By SCOTT BAUER
MADISON, Wis. (AP) — The Republican-controlled Wisconsin Senate is moving ahead Tuesday with a package of fast-tracked voting changes introduced after former President Donald Trump’s defeat in 2020, measures that minority Democrats don’t have the votes to stop in the Legislature but that Gov. Tony Evers is expected to veto.
Republicans also don’t have enough votes to override an Evers veto, making the votes this week largely about providing campaign fodder heading into November and setting the stage for what the Legislature in battleground Wisconsin may take up again next year.
Evers, a Democrat, is running for reelection and Republican candidates seeking to take him on have said the 2020 election wasn’t conducted fairly, questioned President Joe Biden’s win and called for overhauling how future elections are run in the state.
The proposals are part of a nationwide Republican effort to reshape elections following Biden’s victory over Trump, who has falsely claimed the election was stolen. The measures come in the waning days of Wisconsin’s legislative session and could be sent to Evers by the Assembly on Thursday.
Evers reiterated in a tweet on Monday that he has a dim view of Republican attempts to change state election law.
“I will stop anything that makes it harder for eligible voters to vote,” Evers tweeted. “Our democracy is on the line and I will protect it.”
Republicans argue the bills are a response to problems identified in reports on the 2020 election by the nonpartisan Legislative Audit Bureau and by the conservative Wisconsin Institute for Law & Liberty.
Evers wouldn’t have a say in one of the measures before the Senate on Tuesday. The proposed constitutional amendment that would bar donations from outside groups to help run elections needs approval by voters and is not subject to a gubernatorial veto.
It deals with a Republican complaint about grant money that came to Wisconsin in 2020 from the Center for Tech and Civic Life, which is funded by Facebook creator Mark Zuckerberg and his wife, Priscilla Chan. The state’s five largest cities received $8.8 million but more than 200 communities in Wisconsin received funding as part of $350 million given out nationally.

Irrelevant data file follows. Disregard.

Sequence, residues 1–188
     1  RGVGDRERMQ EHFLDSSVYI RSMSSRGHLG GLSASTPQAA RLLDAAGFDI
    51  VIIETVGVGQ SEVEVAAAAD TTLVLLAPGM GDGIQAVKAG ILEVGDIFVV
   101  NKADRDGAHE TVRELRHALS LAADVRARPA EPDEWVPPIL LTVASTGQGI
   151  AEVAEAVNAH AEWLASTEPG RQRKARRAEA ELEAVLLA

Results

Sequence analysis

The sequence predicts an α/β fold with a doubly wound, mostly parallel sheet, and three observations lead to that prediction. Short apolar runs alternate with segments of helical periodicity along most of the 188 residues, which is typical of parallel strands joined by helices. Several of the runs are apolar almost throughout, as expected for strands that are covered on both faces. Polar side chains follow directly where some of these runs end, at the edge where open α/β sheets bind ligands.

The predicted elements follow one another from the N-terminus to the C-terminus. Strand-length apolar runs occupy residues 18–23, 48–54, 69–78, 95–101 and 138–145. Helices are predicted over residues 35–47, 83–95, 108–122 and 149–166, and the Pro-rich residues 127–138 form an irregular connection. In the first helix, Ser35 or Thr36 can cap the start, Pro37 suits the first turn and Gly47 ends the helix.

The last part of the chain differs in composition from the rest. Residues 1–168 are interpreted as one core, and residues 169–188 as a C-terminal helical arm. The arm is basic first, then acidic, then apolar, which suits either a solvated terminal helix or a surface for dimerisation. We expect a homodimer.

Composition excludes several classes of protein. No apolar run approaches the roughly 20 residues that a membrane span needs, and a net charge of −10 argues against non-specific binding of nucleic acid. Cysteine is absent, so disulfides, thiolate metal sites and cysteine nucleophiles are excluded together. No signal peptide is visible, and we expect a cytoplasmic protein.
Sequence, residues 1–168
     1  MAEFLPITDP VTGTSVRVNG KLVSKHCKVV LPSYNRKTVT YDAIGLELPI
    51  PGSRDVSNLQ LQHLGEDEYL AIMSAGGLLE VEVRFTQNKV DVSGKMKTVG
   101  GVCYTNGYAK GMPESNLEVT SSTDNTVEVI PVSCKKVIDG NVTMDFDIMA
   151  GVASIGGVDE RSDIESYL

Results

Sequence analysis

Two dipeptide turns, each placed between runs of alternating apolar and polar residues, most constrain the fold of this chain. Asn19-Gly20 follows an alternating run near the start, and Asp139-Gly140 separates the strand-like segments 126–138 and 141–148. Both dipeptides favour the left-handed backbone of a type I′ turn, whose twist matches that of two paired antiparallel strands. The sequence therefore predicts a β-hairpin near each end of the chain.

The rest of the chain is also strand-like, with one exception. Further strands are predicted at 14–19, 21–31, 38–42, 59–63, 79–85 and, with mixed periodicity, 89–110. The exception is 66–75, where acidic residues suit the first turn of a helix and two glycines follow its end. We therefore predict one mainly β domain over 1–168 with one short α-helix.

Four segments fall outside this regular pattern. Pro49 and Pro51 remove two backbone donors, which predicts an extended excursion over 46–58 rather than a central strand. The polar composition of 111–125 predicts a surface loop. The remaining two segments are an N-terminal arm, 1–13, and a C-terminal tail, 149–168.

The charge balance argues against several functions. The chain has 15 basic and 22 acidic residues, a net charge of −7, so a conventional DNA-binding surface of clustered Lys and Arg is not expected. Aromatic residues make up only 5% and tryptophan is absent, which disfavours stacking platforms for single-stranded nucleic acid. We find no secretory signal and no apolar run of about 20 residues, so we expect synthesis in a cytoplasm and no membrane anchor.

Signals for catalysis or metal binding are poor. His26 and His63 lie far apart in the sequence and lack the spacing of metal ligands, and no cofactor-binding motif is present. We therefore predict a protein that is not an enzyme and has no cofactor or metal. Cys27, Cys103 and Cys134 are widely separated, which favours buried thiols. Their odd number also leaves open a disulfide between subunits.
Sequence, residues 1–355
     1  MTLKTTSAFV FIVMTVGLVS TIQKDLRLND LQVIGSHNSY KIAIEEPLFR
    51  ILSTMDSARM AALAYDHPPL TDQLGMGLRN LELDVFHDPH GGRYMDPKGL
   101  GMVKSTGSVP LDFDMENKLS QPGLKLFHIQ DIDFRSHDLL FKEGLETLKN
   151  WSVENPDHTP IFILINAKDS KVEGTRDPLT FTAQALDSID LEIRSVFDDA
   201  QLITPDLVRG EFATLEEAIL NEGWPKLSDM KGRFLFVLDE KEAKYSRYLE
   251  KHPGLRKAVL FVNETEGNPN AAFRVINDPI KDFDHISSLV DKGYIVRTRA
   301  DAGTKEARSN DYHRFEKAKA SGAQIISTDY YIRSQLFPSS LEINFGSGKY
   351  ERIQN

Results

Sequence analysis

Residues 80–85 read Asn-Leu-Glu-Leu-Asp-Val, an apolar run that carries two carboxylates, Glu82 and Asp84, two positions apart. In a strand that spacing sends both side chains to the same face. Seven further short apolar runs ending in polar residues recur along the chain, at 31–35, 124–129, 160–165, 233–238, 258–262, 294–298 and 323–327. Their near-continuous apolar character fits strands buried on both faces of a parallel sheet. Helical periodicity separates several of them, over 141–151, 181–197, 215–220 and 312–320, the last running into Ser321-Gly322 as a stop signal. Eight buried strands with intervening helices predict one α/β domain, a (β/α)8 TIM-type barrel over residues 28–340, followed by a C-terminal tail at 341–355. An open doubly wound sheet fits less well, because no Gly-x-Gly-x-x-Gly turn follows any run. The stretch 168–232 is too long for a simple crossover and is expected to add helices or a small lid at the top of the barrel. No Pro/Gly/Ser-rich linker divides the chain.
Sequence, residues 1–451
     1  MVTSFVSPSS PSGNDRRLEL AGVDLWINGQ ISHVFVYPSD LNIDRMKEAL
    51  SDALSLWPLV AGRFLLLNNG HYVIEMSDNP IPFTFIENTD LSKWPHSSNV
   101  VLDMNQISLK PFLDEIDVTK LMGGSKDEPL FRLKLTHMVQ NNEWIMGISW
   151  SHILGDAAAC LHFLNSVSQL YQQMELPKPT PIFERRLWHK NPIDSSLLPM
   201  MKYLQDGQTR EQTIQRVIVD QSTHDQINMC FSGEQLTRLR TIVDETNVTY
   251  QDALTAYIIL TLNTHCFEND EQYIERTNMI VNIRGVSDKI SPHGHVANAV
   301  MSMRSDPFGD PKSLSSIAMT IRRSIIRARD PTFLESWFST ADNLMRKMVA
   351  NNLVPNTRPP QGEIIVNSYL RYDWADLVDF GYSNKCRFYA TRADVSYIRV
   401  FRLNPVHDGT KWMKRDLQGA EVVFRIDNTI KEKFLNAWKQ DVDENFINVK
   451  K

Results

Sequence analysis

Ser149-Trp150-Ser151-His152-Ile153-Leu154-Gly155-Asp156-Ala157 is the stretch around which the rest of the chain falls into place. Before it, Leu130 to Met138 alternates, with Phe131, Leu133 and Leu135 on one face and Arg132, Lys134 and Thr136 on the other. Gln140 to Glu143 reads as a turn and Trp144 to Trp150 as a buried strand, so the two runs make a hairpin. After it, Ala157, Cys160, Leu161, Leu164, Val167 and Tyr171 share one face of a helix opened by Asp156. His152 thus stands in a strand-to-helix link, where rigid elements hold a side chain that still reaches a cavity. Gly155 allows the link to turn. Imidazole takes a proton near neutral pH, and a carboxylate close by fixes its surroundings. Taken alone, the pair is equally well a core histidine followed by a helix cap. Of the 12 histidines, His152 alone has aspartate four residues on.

Republicans were angered that the bulk of the money went to Democratic cities that voted for Biden. He beat Trump by just under 21,000 votes in Wisconsin. His win has withstood multiple reviews, legal challenges and recounts.
Examining how that money was used in Wisconsin is a focus of the ongoing Republican-ordered election investigation being led by former Supreme Court Justice Michael Gableman. The Wisconsin Elections Commission in December rejected a challenge to the grant funding. Three courts in the last year also dismissed claims that the grants were illegal.
One Republican measure up for approval Tuesday would give the Legislature control over guidance delivered to local election clerks by the bipartisan Wisconsin Elections Commission. Another would give a GOP-controlled legislative committee the final say over how the elections commission spends any federal money allocated to the agency.
Another would empower the Legislature to eliminate staff or cut funding for the elections commission and the departments of transportation, corrections and health services if lawmakers determine any of them failed to comply with election law.
One bill would limit who can claim to be indefinitely confined, which allows them to vote absentee without showing a photo ID.
And yet another would prohibit anyone other than the voter, an immediate family member or a legal guardian from returning an absentee ballot. It would also prohibit election clerks from filling in any missing information on a voter’s absentee ballot envelope.